Good old boys in Catahoula Parish developed the dogs to run in packs of three and pull down wild boar. Two are to clamp onto the back hocks, and the other onto the snout.
Probably the dogs draw straws for position, with the unlucky one drawing facing up to snout and six-inch tusks. The three of them try to wrestle the boar till the hunters catch up.
Our Catahoula dog, rescued by a local shelter, has other, mellower breeds mixed in him. He does get frenzied, though, when a Harley roars along our frontage. A hog, you see.
Blue was educated up and through Advanced Agility Training. He’s also a certified Therapy Dog, though a retired one now. He’s largely spending his golden years under the kitchen table, sleeping paw in paw with Simon the cat.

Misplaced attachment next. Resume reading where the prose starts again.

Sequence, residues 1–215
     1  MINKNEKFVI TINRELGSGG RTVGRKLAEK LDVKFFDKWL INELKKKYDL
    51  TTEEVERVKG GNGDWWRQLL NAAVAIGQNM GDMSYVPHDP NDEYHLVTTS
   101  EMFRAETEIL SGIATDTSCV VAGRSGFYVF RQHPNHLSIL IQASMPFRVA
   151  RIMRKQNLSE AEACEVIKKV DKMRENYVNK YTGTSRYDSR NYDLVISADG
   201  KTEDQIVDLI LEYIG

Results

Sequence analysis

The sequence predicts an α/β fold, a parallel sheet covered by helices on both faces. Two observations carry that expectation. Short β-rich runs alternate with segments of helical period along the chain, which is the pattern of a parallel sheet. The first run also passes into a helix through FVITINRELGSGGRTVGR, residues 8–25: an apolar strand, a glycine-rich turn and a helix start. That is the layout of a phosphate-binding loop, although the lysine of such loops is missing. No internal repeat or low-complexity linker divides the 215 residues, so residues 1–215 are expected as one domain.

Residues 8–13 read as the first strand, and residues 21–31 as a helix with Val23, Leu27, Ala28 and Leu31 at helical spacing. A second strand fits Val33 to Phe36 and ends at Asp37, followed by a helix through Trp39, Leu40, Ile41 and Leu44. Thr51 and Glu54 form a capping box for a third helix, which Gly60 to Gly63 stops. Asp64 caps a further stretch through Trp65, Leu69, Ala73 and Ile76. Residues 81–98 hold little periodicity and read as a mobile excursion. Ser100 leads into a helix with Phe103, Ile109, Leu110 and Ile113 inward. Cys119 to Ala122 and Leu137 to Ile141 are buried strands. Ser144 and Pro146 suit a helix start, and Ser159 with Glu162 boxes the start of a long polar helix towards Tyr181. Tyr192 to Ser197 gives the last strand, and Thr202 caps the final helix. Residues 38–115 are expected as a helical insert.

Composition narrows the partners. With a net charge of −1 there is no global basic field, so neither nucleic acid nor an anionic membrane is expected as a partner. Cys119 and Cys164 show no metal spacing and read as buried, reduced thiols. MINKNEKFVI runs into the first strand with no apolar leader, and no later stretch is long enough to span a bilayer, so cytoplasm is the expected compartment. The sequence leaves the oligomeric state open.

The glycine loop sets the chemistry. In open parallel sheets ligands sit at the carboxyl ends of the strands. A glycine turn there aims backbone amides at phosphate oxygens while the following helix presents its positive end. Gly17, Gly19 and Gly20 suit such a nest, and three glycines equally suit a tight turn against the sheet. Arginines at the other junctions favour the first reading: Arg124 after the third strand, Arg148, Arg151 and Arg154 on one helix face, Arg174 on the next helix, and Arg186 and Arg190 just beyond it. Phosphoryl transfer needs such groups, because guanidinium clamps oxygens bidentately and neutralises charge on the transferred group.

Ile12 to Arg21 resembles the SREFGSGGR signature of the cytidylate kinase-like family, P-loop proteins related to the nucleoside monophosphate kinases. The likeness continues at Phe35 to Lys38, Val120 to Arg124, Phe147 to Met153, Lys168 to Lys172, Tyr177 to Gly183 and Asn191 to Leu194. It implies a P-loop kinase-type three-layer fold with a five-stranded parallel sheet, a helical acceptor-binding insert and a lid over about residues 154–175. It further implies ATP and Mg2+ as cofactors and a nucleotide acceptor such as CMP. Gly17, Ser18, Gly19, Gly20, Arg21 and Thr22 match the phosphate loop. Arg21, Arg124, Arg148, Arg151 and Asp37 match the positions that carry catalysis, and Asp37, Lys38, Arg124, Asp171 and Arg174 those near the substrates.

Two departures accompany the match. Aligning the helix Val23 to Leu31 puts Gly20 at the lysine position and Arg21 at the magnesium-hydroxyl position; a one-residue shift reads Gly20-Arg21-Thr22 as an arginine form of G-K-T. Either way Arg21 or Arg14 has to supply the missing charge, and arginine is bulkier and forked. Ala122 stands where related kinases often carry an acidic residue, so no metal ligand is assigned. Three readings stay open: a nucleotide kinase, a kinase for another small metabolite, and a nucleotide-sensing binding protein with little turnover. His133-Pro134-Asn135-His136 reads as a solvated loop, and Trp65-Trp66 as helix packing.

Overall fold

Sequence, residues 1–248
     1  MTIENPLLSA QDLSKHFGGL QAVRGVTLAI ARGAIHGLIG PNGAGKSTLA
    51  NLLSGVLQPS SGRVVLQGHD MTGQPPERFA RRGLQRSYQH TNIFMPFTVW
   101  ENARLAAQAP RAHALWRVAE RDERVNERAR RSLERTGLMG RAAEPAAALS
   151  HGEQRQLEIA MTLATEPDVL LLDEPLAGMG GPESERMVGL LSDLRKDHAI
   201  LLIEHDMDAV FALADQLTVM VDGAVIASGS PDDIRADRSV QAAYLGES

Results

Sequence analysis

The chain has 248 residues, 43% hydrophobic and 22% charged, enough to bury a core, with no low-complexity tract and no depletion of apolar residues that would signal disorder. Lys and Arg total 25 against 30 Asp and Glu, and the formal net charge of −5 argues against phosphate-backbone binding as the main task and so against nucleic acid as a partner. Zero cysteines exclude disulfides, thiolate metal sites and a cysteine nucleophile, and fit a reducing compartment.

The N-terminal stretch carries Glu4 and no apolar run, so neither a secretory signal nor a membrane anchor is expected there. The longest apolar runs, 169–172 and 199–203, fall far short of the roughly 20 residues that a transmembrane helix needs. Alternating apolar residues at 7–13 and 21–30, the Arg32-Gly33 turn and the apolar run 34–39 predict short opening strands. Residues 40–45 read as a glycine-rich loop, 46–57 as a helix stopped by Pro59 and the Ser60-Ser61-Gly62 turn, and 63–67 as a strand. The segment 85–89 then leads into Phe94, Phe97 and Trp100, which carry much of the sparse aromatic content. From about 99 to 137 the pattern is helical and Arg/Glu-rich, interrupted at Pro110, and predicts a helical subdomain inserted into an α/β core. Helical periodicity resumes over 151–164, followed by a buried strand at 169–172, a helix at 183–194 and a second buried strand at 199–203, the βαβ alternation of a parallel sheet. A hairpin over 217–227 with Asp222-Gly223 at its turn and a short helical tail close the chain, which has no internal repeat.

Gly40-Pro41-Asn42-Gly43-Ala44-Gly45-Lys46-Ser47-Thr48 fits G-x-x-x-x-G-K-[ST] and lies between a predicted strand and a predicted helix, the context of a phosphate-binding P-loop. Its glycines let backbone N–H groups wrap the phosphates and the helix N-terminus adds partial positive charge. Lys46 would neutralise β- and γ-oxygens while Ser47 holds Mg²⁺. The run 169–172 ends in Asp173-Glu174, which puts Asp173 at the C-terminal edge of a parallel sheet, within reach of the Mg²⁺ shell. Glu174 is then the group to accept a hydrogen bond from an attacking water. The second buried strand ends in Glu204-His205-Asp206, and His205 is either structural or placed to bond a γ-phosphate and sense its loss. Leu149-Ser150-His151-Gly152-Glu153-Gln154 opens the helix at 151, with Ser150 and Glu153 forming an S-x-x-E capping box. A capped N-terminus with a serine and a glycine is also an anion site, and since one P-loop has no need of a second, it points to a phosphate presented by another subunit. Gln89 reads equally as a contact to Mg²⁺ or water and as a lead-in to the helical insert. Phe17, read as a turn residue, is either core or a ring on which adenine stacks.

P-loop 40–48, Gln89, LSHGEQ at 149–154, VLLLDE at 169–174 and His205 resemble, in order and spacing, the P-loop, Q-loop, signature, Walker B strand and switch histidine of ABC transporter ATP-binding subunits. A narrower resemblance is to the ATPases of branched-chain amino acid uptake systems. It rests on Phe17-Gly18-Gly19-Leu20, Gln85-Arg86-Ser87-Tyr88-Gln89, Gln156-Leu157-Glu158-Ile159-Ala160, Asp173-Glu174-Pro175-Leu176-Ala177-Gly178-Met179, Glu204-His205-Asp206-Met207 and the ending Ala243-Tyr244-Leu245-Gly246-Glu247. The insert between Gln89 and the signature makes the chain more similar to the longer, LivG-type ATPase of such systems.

He doesn’t need his doghouse any more, and so Anne and I decided to put it into our part of the hamlet’s community yard sale. Most of our stuff was laid out in our double garage, but I dragged the doghouse halfway down the drive to display it. And that’s how Blue get mixed into gnomic culture, such as it is.
Blue’s never known gnomes personally. His closest encounter came on a long walk last year, when I had to yank him away from offering a neighbor’s gnome a three-legged salute. But now his departed doghouse will enmesh Blue right into the gnome tradition.
Towards the end of our yard sale, after we’d unloaded endless stuff that likely will be sold at the buyers’ next yard sales, the doghouse still stood by the driveway. But then up its slope came a stooped couple, holding hands and smiling gently. They could have been Gram and Gramps, stepped out through the frame of a Norman Rockwell painting.